Vinke currently serves large- and mid-sized companies who occasionally need to ship parts to meet emergency needs. The present client base certainly must value the fact that their large packages can be delivered to an airport and Vinke will transport the parts as well as arrange final delivery. In an emergency, industrial delivery scenario, Vinke's personal attention to clients is a major benefit. In the overnight letter and small package market, however, customers are not seeking the specialized attention that has built the company's current market. They are more interested in having their letters picked up at their location and timely delivered to the intended destination. Neither are they faced with the issues of industrial shipping. These customers are consumers for whom overnight delivery has become ubiquitous. They don't need specialized personal care nor are they constrained by the logistics involved in moving large manufacturing parts to meet emergency timeframes; they simply want their letters to be picked up and delivered on time.
In considering the organizational changes required by the proposed entry into the new market, and the competition already in place there, the task could prove daunting. Vinke's current client base is industrial or manufacturing companies. These organizations can be serviced from the airport to destination. For overnight letters and small packages, the company will not be able to expect its customers to drive to their airport; Vinke will need to implement a pick-up service. They won't be competing for a relatively small pool of clients; they will be forced to serve the general public. This will require extraordinary organizational changes. Further, rather than the occasional and urgent nature of delivering large industrial parts that easily fill up planes with just a few orders, the new market demands will centre upon frequent handling of routine letters and small packages. Planes will either have to be full of packages from a high volume of shippers or fly partially empty to meet delivery requirements. The likely costs associated with this operational change will be quite large and potentially threatening to operating capital. Finally, competition in this market is fierce. One need only visit the web site of a major potential competitor to see the complex bundle of service divisions required to fulfil demand in this market (FedEx, 1). The organizational changes required to effectively compete in this market are overwhelming.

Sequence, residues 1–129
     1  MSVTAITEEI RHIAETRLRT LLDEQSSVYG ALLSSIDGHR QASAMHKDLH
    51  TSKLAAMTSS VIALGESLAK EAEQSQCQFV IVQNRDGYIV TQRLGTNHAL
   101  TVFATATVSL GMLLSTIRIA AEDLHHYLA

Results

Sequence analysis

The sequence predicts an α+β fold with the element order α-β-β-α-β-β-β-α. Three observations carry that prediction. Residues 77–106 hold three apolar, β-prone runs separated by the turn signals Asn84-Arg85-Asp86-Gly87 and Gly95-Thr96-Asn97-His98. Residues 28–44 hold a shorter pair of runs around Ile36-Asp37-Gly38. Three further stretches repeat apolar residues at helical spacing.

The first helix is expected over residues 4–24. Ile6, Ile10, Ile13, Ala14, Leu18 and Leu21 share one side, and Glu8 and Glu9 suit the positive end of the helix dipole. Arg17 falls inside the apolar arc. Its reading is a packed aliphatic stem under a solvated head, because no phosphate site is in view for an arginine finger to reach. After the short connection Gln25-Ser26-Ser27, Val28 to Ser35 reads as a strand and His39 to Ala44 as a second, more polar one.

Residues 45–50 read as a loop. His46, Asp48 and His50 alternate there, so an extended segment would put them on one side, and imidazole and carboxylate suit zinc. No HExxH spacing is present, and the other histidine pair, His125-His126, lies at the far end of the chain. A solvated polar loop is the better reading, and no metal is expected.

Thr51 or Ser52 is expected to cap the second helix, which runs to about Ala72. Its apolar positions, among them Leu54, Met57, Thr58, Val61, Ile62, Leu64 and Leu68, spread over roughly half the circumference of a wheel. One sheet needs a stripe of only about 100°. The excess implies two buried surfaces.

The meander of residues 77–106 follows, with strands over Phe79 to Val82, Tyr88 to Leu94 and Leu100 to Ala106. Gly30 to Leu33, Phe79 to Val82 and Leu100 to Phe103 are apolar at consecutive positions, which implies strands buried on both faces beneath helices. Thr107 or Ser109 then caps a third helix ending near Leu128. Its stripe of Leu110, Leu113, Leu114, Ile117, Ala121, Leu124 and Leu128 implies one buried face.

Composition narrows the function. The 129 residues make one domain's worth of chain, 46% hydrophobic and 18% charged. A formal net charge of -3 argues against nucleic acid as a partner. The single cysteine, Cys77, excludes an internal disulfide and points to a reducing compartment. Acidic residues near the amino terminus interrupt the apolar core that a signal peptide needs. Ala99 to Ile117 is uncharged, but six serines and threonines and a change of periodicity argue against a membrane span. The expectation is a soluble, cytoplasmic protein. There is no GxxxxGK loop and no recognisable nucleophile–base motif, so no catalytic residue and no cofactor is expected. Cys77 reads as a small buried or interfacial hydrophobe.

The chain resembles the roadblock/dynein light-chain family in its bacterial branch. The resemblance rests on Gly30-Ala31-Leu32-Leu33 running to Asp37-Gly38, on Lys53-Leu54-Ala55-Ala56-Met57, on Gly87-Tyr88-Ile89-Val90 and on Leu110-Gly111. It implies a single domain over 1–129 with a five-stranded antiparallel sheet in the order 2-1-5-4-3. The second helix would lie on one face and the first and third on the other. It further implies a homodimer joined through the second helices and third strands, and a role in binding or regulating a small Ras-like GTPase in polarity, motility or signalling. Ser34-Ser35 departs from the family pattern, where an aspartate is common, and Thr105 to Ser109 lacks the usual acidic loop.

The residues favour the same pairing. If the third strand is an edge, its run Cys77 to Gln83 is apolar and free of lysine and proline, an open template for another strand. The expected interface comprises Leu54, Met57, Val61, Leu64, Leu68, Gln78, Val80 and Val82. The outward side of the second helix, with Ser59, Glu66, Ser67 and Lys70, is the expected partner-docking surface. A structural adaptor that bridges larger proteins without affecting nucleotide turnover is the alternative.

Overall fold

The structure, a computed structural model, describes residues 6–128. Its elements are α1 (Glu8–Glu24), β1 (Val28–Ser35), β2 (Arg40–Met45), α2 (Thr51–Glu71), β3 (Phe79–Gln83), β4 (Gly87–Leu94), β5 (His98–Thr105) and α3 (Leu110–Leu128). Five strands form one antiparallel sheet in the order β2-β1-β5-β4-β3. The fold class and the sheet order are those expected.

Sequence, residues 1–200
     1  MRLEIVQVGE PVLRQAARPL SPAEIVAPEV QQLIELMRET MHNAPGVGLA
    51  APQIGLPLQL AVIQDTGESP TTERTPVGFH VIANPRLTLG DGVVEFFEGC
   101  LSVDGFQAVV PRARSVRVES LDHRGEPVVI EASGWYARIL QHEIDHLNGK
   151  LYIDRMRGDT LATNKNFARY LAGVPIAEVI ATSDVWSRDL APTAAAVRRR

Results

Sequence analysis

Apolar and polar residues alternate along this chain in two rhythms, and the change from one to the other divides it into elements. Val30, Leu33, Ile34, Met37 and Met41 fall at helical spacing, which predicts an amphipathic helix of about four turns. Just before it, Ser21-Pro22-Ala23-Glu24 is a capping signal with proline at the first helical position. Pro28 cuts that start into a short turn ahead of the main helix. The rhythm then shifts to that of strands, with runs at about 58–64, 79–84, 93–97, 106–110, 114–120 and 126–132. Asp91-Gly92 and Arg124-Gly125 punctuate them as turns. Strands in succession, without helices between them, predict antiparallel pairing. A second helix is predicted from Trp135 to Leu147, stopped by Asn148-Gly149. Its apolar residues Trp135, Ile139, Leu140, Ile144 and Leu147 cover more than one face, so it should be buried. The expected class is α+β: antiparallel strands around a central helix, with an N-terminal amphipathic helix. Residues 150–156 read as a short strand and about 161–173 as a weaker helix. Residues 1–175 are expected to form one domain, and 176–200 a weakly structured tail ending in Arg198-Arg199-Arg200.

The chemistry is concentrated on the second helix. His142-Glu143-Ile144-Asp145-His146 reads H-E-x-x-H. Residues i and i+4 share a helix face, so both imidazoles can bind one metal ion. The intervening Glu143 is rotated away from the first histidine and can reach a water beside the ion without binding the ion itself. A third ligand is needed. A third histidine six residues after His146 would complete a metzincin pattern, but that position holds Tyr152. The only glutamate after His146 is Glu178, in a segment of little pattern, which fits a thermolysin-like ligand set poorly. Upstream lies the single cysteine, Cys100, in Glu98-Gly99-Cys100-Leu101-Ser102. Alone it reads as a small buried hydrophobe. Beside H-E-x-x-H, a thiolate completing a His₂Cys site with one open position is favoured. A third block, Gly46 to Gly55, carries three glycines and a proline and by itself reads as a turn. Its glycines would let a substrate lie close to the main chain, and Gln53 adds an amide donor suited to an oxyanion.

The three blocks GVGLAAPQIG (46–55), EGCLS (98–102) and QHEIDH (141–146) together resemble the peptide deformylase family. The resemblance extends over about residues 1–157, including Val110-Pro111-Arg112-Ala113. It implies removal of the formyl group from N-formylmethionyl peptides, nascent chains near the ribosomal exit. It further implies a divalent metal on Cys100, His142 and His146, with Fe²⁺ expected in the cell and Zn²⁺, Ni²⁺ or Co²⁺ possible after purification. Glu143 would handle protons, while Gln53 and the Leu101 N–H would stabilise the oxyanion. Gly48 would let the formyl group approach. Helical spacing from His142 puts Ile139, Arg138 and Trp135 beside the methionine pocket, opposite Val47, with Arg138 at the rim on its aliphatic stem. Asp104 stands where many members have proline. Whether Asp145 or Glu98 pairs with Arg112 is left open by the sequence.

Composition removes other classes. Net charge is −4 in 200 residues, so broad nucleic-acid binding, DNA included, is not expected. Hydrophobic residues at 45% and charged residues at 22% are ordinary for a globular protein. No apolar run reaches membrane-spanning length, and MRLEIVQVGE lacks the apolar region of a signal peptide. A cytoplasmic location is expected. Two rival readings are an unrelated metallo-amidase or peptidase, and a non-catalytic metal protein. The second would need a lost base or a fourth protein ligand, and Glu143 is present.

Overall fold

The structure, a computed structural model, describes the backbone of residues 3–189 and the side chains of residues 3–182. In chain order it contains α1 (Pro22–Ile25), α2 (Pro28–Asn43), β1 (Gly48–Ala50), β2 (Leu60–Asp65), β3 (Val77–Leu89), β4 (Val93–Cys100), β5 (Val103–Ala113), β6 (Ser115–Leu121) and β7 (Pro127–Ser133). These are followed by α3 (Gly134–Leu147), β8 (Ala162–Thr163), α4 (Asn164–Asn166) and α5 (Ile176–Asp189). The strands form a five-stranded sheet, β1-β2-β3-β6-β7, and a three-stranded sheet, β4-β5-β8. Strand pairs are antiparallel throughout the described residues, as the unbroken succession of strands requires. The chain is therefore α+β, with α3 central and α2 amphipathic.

The criteria necessary for evaluating the proposed venture are found in a standard Strengths, Weaknesses, Opportunities, Threats (SWOT) analysis model. The critical issues for Vinke are clearly outlined in this matrix. Unable to utilize their key strength, personalized customer service, the company is overwhelmed by the weakness of its limited operation scope and mass-customer service incapability. Any potential opportunity that might be presented through the use of its current equipment and facilities is immediately and obviously threatened by the strength of the competition already in place.
There may be growth potential in the overnight delivery of small packages market, as management